7 Miami Heat No 'Zo means the heat's on $86 Million Man Brian Grant, as well as some aging vets, to fill the void

October 30, 2000

Pat Riley, coach of four NBA champions and winner of 16 division
titles in 18 years, thrives on challenges. With the powerful
Lakers he demanded three-peats. With the Knicks he rebuilt a
floundering franchise by instilling a sense of tenacious
dedication. As for the Heat...well, this year anyway, it
appeared only the Western Conference champion would be standing
between Riley and his fifth title. His off-season acquisitions of
Eddie Jones, Brian Grant and Anthony Mason, combined with the
re-signing of floor leader Tim Hardaway, made Miami the runaway
favorite in the Eastern Conference.

Then, at the start of training camp, Riley lost arguably the
conference's most dominant player, center Alonzo Mourning, who
will sit out the season while undergoing treatment for focal
glomerulosclerosis, which can lead to kidney failure. Most
coaches in the same position would act as if they were the ones
with the ailing kidneys. Not Riley. His personal concerns for
Mourning aside, the Heat coach behaves as if he's every bit as
comfortable being a mere contender as he had being the heavy
favorite. "Now we're pushing forward and trying to retool on the
run," he says.

True, Riley might not look so buoyant if the Knicks hadn't traded
Patrick Ewing. Miami will remain a power because few conference
rivals are capable of exploiting the absence of Mourning. In
Grant and Mason the Heat still have a strong low-post presence, a
rarity in the East these days. Jones gives them an athletic
scorer and defender on the perimeter, and Hardaway is still one
of the game's better clutch shooters.

How far Miami goes in the postseason will depend largely on the
health of Grant and Hardaway, who were hampered by injuries last
year. When Grant's agent, Mark Bartelstein, asked his client
about the possibility of joining the Heat this summer, Grant
initially wanted no part of it. "My first thought was, 'I'm not
going to Miami,'" says the injury-prone forward, who hasn't
played more than 63 games in any of the last four seasons. "You
hear so many stories. Would I be able to get up to the level
Riley commands of us? Is my body going to be able to hold up to
that kind of commitment?"

Riley spent three hours with Grant before making the
sign-and-trade deal that brought the 28-year-old forward to
Miami. "He sensed my concerns," Grant says. "He told me, 'I'm not
as tough as I used to be.'" Grant believes he's more likely to
avoid injury this season because of his improved conditioning.
"Instead of holding back and protecting my body, I'm pushing
through it," he says.

In Mourning's absence, the 6'9", 250-pound Grant will have to
play the pivot more often than he anticipated, spelling Duane
Causwell. At least he's no longer in Portland, where he
frequently had to defend against the likes of Shaquille O'Neal
and Tim Duncan. For the Heat to make an extended postseason push,
older players such as Hardaway (34), Mason (33) and Dan Majerle
(35) will also have to play more prominent roles than had been

As a result of his off-season workouts with Mourning's personal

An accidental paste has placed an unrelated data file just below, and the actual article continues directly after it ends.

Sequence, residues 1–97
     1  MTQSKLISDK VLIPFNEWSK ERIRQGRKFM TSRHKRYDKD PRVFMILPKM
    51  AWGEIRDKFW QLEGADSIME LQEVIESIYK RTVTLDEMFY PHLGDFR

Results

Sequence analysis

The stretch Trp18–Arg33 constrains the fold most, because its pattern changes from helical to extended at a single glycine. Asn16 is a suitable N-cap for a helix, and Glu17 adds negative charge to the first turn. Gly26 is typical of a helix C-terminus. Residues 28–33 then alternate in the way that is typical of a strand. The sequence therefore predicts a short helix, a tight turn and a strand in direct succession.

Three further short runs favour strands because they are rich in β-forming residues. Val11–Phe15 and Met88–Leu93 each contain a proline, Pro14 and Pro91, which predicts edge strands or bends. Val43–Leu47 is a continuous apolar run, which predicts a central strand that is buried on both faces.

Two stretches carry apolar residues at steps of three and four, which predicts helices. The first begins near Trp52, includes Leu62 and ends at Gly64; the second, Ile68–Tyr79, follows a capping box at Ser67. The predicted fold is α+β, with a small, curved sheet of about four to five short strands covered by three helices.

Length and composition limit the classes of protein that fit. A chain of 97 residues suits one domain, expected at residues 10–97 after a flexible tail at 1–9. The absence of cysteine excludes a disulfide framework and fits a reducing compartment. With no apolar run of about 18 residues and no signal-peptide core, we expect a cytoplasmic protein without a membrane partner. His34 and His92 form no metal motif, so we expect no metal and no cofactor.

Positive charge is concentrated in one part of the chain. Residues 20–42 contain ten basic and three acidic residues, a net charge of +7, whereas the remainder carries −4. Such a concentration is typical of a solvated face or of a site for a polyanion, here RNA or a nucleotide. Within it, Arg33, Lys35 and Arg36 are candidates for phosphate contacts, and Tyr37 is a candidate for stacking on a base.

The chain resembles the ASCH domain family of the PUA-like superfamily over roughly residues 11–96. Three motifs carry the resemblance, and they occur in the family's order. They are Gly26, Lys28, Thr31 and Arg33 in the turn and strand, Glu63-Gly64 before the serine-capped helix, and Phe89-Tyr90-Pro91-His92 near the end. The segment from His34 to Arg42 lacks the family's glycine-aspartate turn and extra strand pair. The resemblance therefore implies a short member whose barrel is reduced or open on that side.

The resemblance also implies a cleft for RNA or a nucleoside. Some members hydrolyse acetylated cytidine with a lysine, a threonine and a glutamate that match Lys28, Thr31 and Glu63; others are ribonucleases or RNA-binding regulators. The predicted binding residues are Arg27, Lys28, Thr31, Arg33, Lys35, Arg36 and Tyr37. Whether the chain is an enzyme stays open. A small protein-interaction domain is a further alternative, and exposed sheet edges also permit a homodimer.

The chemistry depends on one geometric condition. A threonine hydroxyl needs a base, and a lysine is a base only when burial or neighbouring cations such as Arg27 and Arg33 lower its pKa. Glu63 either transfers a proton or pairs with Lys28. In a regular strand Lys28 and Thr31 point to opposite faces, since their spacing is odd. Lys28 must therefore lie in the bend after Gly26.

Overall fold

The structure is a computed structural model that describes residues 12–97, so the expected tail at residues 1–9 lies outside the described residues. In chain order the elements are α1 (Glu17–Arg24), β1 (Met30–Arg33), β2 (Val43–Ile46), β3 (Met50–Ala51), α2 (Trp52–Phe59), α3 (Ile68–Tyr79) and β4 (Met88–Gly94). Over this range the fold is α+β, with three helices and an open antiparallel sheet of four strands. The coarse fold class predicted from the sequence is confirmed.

trainer, James Lloyd, Hardaway arrived at training camp in his
best shape in years. In trying to create better chemistry on the
court, he has also been a more vocal floor leader. "It's going to
be a slow process," says Hardaway, who signed a one-year deal
that could pay him up to $14 million, "because everybody came
into camp thinking that we were going to have the whole team

Riley, for one, isn't giving up on this season. "There's still
enough talent here to win a lot of games," he says.


COLOR PHOTO: DAVID E. KLUTHO TALL ORDER Grant will do more time in the pivot, but at least the East is short on centers.

In Fact

Pat Riley, who enters the season with 999 regular-season
victories, will join Toronto's Lenny Wilkens (1,179) as the only
other coach to reach 1,000. Riley is the alltime leader in
postseason coaching victories, with 155.

Projected Lineup


SF Anthony Mason[1]11.6 ppg 8.5 rpg 4.5 apg 0.90 spg 48.0 FG%

PF Brian Grant[1] 7.3 ppg 5.5 rpg 0.51 spg 0.44 bpg 49.1 FG%

C Duane Causwell 2.6 ppg 1.9 rpg 0.64 bpg 54.1 FG% 68.4 FT%

SG Eddie Jones[1] 20.1 ppg 4.8 rpg 4.2 apg 2.67 spg 37.5 3FG%

PG Tim Hardaway 13.4 ppg 7.4 apg 2.9 rpg 0.94 spg 38.6 FG%


G-F Dan Majerle 7.3 ppg 4.8 rpg 3.0 apg 1.29 spg 36.2 3FG%

G Anthony Carter 6.3 ppg 4.8 apg 2.5 rpg 1.18 spg 39.5 FG%

F Don MacLean[1] 2.6 ppg 1.4 rpg 36.7 FG% 33.3 3FG% 66.7 FT%

C Todd Fuller[1] 3.3 ppg 2.7 rpg 0.20 bpg 41.8 FG% 60.4 FT%

F-G Bruce Bowen 2.8 ppg 1.4 rpg 37.1 FG% 46.6 3FG% 58.1 FT%

[1]New acquisition (R) Rookie (statistics for final college year)
*PVR: Player Value Ranking (explanation on page 113)

an opposing team's scout sizes up the Heat

"It may seem like the Heat overpaid Brian Grant, but Pat Riley
was positioning himself for a three-year title run. If Miami
wants to stay among the top two or three teams in the East
without Alonzo Mourning, Grant has to play like an $86 million
player....Everything was pointing to Mourning having an MVP-type
year. He was going to cover up a lot of their defensive
problems, get the rebounds to make the transition game go and,
with the lack of quality centers in the East, probably have a
breakout year offensively....Don't forget, they have to replace
P.J. Brown, too. He was a huge part of their identity as a
defensive team, a rebounding team, a tough team....They have a
great situation with Tim Hardaway and Anthony Carter. Hardaway
gives them great shotmaking and playmaking. Then you get that
energetic defense off the bench from Carter, who can also make
the tough shots....They can still be one of the top three teams
in the East because of Anthony Mason. They'll run a lot of the
offense through him and control the tempo that way."

Eagle (-2)
Birdie (-1)
Bogey (+1)
Double Bogey (+2)